Health literacy: Help your patients understand directions
■ Doctors can take steps in their practices to help the 90 million Americans who have trouble comprehending health information.
Posted May 10, 2004.
Take one pill once a day. These directions seem crystal clear. But they sent a man to the emergency department. How could that possibly be?
In the patient's native Spanish, "once" means 11. Thus, he believed he was properly following these instructions, which appeared on the bottles of both the diuretic and the beta-blocker prescribed for his high blood pressure. He was taking 22 pills a day.
This real-life example shows how patients' grasp of health information cannot be taken for granted. The anecdote was included in a new Institute of Medicine report, one of two released last month to draw attention to the health literacy problem. An estimated 90 million Americans -- nearly half of the adult U.S. population -- have difficulty understanding and acting upon health information.
The problem goes beyond patients simply misreading medication bottles. It impacts every aspect of care, and the results can be utterly devastating.
People with poor health literacy are less likely to get potentially life-saving screenings, such as mammograms and Pap smears, or to get flu or pneumonia vaccines, according to an Agency for Healthcare Research and Quality study, commissioned at the American Medical Association's request and released in conjunction with the IOM report.
These patients are more likely to be hospitalized. They have difficulty understanding informed consent forms or comprehending their diagnoses and medical instructions. They are less likely to know about the health effects of smoking, diabetes, asthma and AIDS.
Low health comprehension plays a role in the nation's racial health disparities and could hurt the quality of care and even contribute to medical errors, AHRQ found.
The problem is not just one experienced by poor immigrants with an inadequate grasp of English. The majority of people with low health literacy are native-born English speakers. Some groups hit hardest are the elderly, minorities and individuals with limited education. But even well-educated people can have trouble understanding difficult medical concepts.
The huge number of people with poor health literacy skills means that the issue is one of concern for every physician. The scope of the problem is daunting. It touches every type of medical communication -- patient history questionnaires, consent forms, medicine labels, face-to-face discussions, educational pamphlets.
Patients' reluctance to admit that they can't read or simply can't understand the information at hand makes rooting out and addressing the problem that much harder for doctors.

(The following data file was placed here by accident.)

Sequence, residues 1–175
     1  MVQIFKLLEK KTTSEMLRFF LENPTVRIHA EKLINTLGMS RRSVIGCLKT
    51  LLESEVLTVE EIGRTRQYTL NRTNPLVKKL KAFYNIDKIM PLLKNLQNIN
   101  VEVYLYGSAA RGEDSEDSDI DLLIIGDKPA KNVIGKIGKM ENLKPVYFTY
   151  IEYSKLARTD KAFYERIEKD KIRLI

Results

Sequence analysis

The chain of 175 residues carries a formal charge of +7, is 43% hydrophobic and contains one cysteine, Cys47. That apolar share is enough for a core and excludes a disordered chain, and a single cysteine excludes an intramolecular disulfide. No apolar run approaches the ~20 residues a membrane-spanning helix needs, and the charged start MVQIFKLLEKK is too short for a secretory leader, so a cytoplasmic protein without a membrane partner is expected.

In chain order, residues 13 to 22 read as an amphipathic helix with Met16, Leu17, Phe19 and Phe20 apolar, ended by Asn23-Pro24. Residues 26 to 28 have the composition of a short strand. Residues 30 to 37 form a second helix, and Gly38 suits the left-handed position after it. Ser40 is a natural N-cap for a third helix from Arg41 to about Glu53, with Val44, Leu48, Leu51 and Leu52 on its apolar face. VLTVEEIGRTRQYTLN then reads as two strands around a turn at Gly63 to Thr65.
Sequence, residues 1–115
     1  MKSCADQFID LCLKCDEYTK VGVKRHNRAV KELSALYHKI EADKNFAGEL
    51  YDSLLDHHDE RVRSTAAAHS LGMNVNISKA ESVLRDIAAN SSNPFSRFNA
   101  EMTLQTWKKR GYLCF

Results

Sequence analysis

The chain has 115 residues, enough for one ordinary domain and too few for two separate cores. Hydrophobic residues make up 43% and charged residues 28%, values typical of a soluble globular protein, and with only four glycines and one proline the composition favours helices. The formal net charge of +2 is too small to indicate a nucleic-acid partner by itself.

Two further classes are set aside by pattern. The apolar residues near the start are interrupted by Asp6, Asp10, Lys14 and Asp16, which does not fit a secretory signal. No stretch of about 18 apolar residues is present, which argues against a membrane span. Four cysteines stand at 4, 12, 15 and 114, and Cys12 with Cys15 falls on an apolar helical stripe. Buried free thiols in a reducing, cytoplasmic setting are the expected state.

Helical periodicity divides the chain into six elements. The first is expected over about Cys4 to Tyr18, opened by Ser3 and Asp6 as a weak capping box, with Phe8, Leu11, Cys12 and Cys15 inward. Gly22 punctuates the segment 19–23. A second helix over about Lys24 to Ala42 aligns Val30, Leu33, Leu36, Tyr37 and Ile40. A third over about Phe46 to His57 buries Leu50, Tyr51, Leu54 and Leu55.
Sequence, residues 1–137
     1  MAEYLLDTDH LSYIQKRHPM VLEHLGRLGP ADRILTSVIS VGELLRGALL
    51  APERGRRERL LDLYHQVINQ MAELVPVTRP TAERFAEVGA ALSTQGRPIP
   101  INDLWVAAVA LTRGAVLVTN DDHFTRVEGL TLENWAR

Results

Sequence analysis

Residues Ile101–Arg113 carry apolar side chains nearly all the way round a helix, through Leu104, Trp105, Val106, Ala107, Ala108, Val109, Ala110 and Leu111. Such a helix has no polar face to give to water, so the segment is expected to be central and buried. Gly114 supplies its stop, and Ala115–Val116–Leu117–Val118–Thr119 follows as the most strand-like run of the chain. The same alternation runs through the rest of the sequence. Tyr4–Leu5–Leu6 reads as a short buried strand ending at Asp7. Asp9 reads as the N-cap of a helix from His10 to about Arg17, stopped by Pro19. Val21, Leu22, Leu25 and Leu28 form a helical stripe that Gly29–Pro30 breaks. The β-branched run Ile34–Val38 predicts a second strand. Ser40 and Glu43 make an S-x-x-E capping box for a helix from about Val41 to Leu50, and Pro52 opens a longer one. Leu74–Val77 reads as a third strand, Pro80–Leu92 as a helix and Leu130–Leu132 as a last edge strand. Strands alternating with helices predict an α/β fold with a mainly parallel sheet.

Fortunately, there are steps every physician can take in his or her practice. One of the most effective is the "teach back" method -- asking patients to repeat medical instructions in their own words. And there are sources doctors can turn to for help.
The AMA has been a leader in this arena. In 1998, the Association was the first national organization to recognize that limited patient literacy is a barrier to effective medical diagnosis and treatment.
The AMA, along with its foundation, created a multiyear effort to determine how doctors, patients and others are experiencing low health literacy and to give them the tools needed to attack it. The Association offers continuing medical education credit to doctors and is working on ways to incorporate the topic into medical school curriculums and residency programs.
Last year, the AMA developed an expanded educational kit, "Health Literacy: Help Your Patients Understand." It contains a manual, a video, patient information and buttons that say, "Ask me -- I can help," for doctors and their office staff members to wear. The package is available for free to AMA Alliance chapters and medical societies launching educational programs. Individuals can purchase it for a small fee.
These efforts are starting to pay off in the use of more basic language and materials in doctors' offices. But more needs to be done. The health literacy problem is beyond physicians' ability to solve on their own. It will take work from the government, health care institutions, academia, businesses, community groups and even patients to bridge the understanding gap.
But physicians are in a unique position to have an immediate impact on patients' lives. With relatively small efforts, doctors can improve health literacy, one patient at a time.